|As we were unpacking our suitcases I asked my wife had she enjoyed her stay in Warsaw, she said yes, a fabulous time although it would have been better if you hadn't been humming ABBA tunes all week, you don't even like them. I then asked her did she still want that kitten, she slowly said yes, I replied good, so with that out the way I felt I could finally tell her. 'I'm planning on going off to Sweden before the colder weather sets in'. 'When?' 'Friday' Expecting the normal expletives and abuse worse than a Jeremy Corbyn critic I was taken off guard with 'I see, well say hello to ABBA for me just don't backtrack on the kitten'. (We already have a Dog and an older cat which I think is enough)
So come Friday evening with the week put to bed and the weather forecast looking excellent I packed the van up and set off for Sweden.
Three immediate points 1) Its a long way, I set off at 8.00pm on Friday and it was 9.00 pm on Saturday before I settled down in in Ystad on Swedens Southern coast. 2) Julians book is unusually light on Sweden and therefore quite a bit of internet planning is required ahead of any visit. 3) It was obvious that if the crops had not been harvested a number of these sites would have been inaccessible.
I decided I would follow Julians journey along the Southern coast before heading North to Falkoping, the Neolithic heart of Sweden, and finally pick off a few sites on the West coast as I headed home.
Early morning start and I visited two modern sites (estimate around 500AD), Disa Ting a stone square located on the shoreline and the mighty Ales Stenar. This may be a modern stone ship, however, it is a very powerful place. As I climbed out of the van I could feel myself being pulled towards the site, as I moved around and up the mother earth site it is located on I felt my pace quicken and as I ascended the final ridge I broke into a trot and there they were, heart breakingly lonely overlooking the sea and crying out to distant lands. Inside the 'ship' the hairs on my legs, hands and neck all began to feel the static given off by this place, the stones are all different materials, lovingly shaped from bright pink to dark blacks, they begin to morph into people, small people, fat people, tall people, people with helmets, people with beards. I became aware of a dog fighting with my walking boots and decided it was time to return to the van. On the way back I felt strangely emotional, what had taken place back there, had I somehow seen my future, was I to be part of those stones in some way, for ever? Shaking all such feelings off I moved on past the Trollasten, Tagarp Fem and off to Gardlosa, easier to find that reports suggested, and then Gladsax, here it feels a little uncomfortable as you simply drive up to the farmyard, dump your vehicle and set off across the fields, no one batted an eyelid and it was well signposted so assumed everything OK, and what a site, the burial chamber sits on top of a circular stone wall and commands the countryside. Believed to be one of the oldest sites in the area. Quick stop at the huge Kings Grave and onto the beach for Harvangsdosen. A wonderful sight with the sea crashing in as a backdrop discovered after a storm rather like our own Scara Brae. What I had not expected was the whole area was littered with Neolithic to Iron age remains and where ever you walked you discovered something new and unmarked.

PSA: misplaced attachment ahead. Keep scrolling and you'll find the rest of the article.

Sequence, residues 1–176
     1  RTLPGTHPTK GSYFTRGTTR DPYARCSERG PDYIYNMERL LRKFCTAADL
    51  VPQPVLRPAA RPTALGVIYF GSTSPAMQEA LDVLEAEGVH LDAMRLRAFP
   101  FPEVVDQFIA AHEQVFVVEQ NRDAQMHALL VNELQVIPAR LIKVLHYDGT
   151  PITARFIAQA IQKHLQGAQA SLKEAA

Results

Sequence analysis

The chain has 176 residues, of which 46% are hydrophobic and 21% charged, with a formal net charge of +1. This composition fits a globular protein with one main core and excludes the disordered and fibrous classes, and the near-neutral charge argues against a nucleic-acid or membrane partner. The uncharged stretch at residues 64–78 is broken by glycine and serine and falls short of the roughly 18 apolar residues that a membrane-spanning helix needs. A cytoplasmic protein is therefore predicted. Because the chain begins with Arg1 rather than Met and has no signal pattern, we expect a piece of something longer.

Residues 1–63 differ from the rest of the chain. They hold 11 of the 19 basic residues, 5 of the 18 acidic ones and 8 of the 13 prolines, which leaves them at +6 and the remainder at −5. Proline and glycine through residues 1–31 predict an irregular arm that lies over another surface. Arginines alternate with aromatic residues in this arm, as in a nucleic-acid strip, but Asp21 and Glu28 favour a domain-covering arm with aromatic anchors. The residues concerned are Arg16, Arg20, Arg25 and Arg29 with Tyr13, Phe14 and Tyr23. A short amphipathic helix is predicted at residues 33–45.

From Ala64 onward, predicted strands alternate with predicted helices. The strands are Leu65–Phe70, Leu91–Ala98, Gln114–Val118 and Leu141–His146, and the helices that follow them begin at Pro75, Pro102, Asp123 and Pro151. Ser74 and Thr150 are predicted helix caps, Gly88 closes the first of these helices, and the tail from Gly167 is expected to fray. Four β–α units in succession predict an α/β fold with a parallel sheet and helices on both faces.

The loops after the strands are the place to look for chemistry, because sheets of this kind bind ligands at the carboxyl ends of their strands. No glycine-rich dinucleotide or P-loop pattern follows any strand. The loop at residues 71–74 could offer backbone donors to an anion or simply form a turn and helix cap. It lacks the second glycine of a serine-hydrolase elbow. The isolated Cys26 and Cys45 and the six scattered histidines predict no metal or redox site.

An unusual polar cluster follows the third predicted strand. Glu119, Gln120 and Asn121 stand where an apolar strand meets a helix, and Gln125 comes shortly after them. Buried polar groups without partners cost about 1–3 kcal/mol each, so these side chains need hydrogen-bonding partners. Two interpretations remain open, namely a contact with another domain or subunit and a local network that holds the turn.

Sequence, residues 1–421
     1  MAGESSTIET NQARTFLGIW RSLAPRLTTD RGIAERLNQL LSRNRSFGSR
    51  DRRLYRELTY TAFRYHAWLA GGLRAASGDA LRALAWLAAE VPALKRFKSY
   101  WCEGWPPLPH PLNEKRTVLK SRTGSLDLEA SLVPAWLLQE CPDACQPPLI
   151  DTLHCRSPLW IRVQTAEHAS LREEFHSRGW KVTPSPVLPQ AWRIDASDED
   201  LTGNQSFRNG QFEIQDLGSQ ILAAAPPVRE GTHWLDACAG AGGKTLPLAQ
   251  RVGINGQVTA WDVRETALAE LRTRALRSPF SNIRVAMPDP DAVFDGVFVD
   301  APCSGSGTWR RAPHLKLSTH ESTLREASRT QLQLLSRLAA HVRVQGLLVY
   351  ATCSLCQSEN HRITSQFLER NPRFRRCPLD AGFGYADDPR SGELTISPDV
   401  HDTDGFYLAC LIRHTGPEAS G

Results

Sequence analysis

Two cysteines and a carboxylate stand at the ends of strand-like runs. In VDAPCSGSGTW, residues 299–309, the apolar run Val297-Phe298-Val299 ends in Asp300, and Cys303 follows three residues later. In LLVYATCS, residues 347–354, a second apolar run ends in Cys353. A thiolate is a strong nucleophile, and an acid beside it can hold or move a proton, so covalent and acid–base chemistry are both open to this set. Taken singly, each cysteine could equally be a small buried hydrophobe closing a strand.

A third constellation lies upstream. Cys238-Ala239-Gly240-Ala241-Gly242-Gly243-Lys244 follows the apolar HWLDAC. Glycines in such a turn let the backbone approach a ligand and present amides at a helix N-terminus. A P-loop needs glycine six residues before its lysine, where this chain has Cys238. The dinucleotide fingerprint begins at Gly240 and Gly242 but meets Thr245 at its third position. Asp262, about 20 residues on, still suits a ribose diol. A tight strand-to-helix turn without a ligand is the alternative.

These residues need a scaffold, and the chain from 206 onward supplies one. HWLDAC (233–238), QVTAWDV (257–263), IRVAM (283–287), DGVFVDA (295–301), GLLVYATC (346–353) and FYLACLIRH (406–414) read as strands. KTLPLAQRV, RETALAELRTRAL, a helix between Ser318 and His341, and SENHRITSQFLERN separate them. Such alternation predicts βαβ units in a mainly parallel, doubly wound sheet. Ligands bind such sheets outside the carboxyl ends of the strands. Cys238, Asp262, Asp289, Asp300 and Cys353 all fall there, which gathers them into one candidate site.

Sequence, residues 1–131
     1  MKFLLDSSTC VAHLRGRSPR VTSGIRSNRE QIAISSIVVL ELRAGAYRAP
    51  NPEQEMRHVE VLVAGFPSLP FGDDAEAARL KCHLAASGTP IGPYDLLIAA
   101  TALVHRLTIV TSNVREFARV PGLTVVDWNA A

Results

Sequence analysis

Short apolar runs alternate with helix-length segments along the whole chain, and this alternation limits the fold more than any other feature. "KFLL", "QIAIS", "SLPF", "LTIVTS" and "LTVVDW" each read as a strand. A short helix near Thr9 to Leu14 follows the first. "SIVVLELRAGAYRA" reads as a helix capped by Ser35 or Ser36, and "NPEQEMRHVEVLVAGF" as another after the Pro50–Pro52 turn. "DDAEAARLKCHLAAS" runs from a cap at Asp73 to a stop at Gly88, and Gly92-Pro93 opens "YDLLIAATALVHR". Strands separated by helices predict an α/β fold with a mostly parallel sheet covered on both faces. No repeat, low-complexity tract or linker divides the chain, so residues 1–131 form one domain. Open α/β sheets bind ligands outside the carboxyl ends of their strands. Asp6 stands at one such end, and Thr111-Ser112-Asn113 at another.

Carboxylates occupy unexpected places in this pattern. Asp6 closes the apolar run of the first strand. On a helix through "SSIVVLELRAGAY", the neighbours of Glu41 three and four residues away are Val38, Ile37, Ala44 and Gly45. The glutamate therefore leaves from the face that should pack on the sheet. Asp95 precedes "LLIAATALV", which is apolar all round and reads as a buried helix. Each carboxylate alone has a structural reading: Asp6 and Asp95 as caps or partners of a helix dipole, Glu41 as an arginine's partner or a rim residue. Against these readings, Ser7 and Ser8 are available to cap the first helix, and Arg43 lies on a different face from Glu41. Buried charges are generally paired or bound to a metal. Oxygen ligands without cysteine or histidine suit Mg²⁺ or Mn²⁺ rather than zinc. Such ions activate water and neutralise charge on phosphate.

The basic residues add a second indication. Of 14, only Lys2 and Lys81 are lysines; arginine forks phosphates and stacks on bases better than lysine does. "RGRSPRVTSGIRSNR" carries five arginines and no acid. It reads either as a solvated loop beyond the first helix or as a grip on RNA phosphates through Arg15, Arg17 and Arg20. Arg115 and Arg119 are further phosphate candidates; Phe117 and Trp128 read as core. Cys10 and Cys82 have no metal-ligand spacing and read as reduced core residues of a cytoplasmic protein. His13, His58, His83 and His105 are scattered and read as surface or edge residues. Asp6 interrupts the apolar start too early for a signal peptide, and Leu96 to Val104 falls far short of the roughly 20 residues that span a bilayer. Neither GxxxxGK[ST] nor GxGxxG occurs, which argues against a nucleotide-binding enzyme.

Time to head North to Falkoping, the town itself has remains of passage graves everywhere, on roundabouts in front of banks and in parks. Just North of the town is the important site of Ekornavallen. Nothing could have prepared me for this. A huge site sloping down to the river just covered in standing stones, stone circles, passage graves, cairns, stone triangle and every sort of monument between neolithic and iron age. Swedens Kilmartin! Like a child in a sweetshop, where do you start, just wallow in the joy of zig zagging from one feature to the next. Too soon it was time to move on which raised an important question, quantity or quality, was I trying to see too much and not spending sufficient quality time at the individual sites? Should I pencil in fewer sites for my visits and get to know fewer sites better, but which ones, how do you know before you get there? Any way I did go on, to Karleby and the Luttra, both multiple sites with prominent megaliths situated atop of small hills and all perfectly aligned. Time to head South to the Varberg area to visit Klastorp and Blotabordet, however, the really fascinating site was the hillside of Grimton, a huge burial ground used from early neolithic and up to 500 AD (or so). Here there was a huge boulder circle, numerous stone circles, cairns, a stone traingle and various other standing stones covering the hillside and clearly little visited, in fact, and as is usual, I had nearly all the site completely to myself. Finally I stopped at Gillog on the way home just North of Malmo. Here it is an easy crawl/stoop down the passage into the main chamber of this wonderfully preserved burial mound. The scale and quality of this site would not look out of place on Orkney and a great way to finish my visit. Sadly time to head home, pleased to be seeing the family again but sad to be saying farewell to this warm welcoming country. I placed the van in the direction of Calais, set the cruise control and let the gps navigate the intricate motorway network back home to Lincolnshire. I never did say hello to ABBA, I did however, stop at Brugge for chocolate and that seemed to work just as well
Posted by costaexpress
25th September 2016ce
costaexpress's TMA Blog
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